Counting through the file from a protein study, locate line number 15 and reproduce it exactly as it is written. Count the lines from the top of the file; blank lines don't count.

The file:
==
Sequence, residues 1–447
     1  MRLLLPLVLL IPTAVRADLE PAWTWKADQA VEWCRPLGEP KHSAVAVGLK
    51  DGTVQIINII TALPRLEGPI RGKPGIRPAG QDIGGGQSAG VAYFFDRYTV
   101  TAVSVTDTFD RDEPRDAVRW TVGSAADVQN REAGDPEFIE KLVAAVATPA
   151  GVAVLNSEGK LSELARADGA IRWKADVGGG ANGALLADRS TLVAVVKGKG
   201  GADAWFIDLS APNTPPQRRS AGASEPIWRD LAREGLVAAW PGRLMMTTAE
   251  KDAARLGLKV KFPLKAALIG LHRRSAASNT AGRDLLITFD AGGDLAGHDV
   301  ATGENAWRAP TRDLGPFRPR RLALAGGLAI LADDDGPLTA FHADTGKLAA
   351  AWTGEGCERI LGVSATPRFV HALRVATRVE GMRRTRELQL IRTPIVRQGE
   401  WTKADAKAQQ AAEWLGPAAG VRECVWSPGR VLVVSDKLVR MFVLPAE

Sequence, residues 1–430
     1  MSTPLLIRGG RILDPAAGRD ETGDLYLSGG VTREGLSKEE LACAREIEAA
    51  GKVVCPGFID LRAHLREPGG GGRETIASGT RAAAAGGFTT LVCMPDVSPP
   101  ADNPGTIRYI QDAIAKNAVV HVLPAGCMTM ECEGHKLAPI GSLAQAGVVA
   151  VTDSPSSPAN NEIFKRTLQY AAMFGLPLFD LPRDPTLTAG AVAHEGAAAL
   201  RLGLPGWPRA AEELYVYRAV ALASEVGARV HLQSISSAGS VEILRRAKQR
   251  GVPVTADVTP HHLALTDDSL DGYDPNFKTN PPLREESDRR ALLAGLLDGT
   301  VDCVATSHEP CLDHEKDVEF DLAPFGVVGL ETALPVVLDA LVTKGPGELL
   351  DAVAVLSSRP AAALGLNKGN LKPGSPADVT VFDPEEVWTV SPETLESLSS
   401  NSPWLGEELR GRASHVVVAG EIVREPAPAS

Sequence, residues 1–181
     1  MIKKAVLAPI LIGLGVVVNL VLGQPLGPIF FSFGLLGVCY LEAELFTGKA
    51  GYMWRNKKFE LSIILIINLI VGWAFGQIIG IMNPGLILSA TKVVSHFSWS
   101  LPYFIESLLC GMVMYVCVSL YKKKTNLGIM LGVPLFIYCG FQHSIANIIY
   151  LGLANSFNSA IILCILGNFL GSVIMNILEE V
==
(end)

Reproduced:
   151  VTDSPSSPAN NEIFKRTLQY AAMFGLPLFD LPRDPTLTAG AVAHEGAAAL